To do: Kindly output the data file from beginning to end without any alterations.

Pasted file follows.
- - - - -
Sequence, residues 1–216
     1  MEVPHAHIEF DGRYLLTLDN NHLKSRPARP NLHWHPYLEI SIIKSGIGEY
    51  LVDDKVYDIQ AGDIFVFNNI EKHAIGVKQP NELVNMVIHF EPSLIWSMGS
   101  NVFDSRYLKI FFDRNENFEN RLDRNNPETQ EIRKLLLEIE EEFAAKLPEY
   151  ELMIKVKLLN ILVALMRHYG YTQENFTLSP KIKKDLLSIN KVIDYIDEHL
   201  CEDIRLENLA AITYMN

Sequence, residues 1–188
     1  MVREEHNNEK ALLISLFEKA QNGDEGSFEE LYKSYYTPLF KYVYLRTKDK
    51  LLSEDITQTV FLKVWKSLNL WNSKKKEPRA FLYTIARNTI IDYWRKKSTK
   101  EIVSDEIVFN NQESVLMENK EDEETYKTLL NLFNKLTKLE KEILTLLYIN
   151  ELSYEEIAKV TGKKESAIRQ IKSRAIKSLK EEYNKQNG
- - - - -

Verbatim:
Sequence, residues 1–216
     1  MEVPHAHIEF DGRYLLTLDN NHLKSRPARP NLHWHPYLEI SIIKSGIGEY
    51  LVDDKVYDIQ AGDIFVFNNI EKHAIGVKQP NELVNMVIHF EPSLIWSMGS
   101  NVFDSRYLKI FFDRNENFEN RLDRNNPETQ EIRKLLLEIE EEFAAKLPEY
   151  ELMIKVKLLN ILVALMRHYG YTQENFTLSP KIKKDLLSIN KVIDYIDEHL
   201  CEDIRLENLA AITYMN

Sequence, residues 1–188
     1  MVREEHNNEK ALLISLFEKA QNGDEGSFEE LYKSYYTPLF KYVYLRTKDK
    51  LLSEDITQTV FLKVWKSLNL WNSKKKEPRA FLYTIARNTI IDYWRKKSTK
   101  EIVSDEIVFN NQESVLMENK EDEETYKTLL NLFNKLTKLE KEILTLLYIN
   151  ELSYEEIAKV TGKKESAIRQ IKSRAIKSLK EEYNKQNG